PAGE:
Anne Adams Sewing Patterns, Fall 1938

Anne Adams was the name of a sewing pattern company which sold their products through syndicated content in newspapers across America. I have seen Anne Adams patterns from the 1940s through the 1980s, but this catalog of designs is dated 1938. I added it to my archive because it was published by my hometown paper, the Asheville Citizen.

In looking through this catalog, I was struck by the big variety of lifestyles Anne Adams catered to. As you can see on the cover, there were evening gowns for those who had need of them. And while people might not think that women in a small city in the middle of the southern mountains would need a formal gown, there were plenty of events in Asheville that would make such a dress a necessity for many women.

On the other end of the spectrum was the house dress. A woman working at home during the day might not wear the three inch heels shown in the illustration, but I can remember that as late as the 1960s my grandmother and her three sisters always wore dresses similar to the ones pictured while doing their house cleaning, laundry, and cooking. All of them made these dresses out of cheerful prints in easy to clean cotton.

Here is a grouping of day dresses of a different sort. These were not for housework. They were for shopping or lunching, or perhaps for a club meeting.

In 1938, as it is today, the older woman is encouraged to look younger and thinner. Some things seem to never change.

For the truly young, there were campus fashions, starring the original teenage star, Deanna Durban.

The career woman was advised to make and wear separates which she could mix and match. The idea of separates is more associated with the 1950s, but it actually dates back much earlier, to at least the 1890s.

It’s pretty unlikely that in 1938 there was any skiing going on in the Asheville area, but a good, warm coat was needed. Interestingly, with the exception of pajamas, this was the only pair of pants offered for women. That was to change dramatically in just a few years.

And here are the other pants, in the form of pajamas. I can see where the width of the hems is starting to diminish from the extremely wide legs of the mid 1930s.

When I was coming of age in the 1960s and 1970s, one of the chief complaints of the girls in my school was that “fashion” here was two years behind what we saw in the fashion magazines. I’ve come to realize that our own conservatism had more to do with that than what was available to us. Even in 1938, women in the mountains of North Carolina could buy patterns of what was fashionable in other markets.


Filed under North Carolina, Proper Clothing, Viewpoint

6 responses to “Anne Adams Sewing Patterns, Fall 1938

  1. Growing up in the NYC suburbs, I sometimes wished fashion there had moved a little more slowly as I was fashion-conscious, but not [yet] daring (nor was my mother or her wallet). I remember a stylish fifth grade classmate wearing a mini-dress with large-scale “fishnet” hose (actually a square pattern) worn over a different color opaque pair, and feeling both jealous and anxious at the sight of her outfit and clever accessories. I was only 11 and not quite ready for the fashion fray! But here it was already, and I could not ignore it. (Also, I had an older sister so we were in the thick of it at home.). Maybe it’s not so bad you were a little bit behind, if that mean keeping up with styles was a more relaxed pursuit.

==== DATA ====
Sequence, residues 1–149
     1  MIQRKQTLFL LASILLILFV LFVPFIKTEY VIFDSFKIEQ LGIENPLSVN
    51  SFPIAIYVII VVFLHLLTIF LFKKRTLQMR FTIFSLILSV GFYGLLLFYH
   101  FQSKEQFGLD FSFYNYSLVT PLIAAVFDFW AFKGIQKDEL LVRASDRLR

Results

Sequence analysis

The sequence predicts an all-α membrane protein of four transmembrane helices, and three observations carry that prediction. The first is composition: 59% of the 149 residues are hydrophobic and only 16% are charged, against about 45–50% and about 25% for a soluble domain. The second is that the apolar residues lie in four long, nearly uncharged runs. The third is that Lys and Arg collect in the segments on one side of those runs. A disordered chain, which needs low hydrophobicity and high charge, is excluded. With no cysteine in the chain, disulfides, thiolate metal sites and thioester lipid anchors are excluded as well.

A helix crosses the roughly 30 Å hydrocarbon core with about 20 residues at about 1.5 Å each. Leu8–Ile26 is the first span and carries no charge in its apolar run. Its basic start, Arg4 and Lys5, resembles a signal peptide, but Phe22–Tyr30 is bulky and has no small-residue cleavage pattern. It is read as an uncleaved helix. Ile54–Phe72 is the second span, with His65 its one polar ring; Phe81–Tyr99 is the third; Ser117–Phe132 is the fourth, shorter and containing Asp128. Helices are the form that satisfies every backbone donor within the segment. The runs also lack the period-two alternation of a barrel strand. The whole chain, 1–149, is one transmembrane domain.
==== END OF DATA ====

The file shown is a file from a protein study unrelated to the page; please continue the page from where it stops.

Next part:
2. I grew up in farm country far from the fickle finger of fashion!
    The big fashion statement when I was in grade four was wearing plants underneath dresses during the winter! And suede Cougar brand shoes were the rage! 😂😂😂😂 To think I dreamt of meeting (and kissing!) David Cassidy dressed like that!ðŸĪŠðŸĪŠðŸ˜‚


  3. jacq staubs

    Always like the art/illustrations.


  4. Barbara J

    I agree that a community’s values can have a bigger impact on what one wears than does fashion. Girls were not allowed to wear pants in high school in my school district until fall of 1969, long after pants were everyday wear for teenagers. I honestly don’t know whether the same restrictions were placed on little girls but it was a very big deal when the dress code changed at the high school level. I was a senior the year it changed and on the drill / flag team. Our teacher told us we could wear pants, but not jeans. How times have changed!


  5. jean f

    When growing up in the 1960’s I would have loved to be able to wear slacks, jeans, etc. to high school, but that was not allowed. Skirts had to touch the floor when we kneeled, or we were sent home. College was a relief for this casual girl, wear what ever you wanted that was decent! I no longer wear skirts nor dresses, but have one dress in reserve just in case, unworn for the last 8 years.


  6. Many women far from wealthy still needed at least one formal gown if they belonged to any of the many “societies” like the Native Daughters, DAR, and Masonic groups like the Eastern Star. My grandmother (widow of a plumber) was active in such societies, and I just learned that Laura Ingalls Wilder, then a farm wife struggling to make ends meet, joined the Eastern Star in the early 1890s, founded the Mansfield, MO, branch in 1897, and was active in it for the next forty years. I’m indebted to “Prairie Fires,” by Caroline Fraser, for pointing out that such groups “organized New Year’s parties, plays, dinners…, and other patriotic and religious events. They also functioned as a safety net in an era before insurance was commonplace, often paying for needy members’ medical care and burial expenses.” (One of my great-great grandmothers was buried in the Oddfellow’s cemetery.) As someone who read and re-read the “Little House” books, (and hated the TV show) I can recommend the new light “Prairie Fires” casts on the Ingalls family history.


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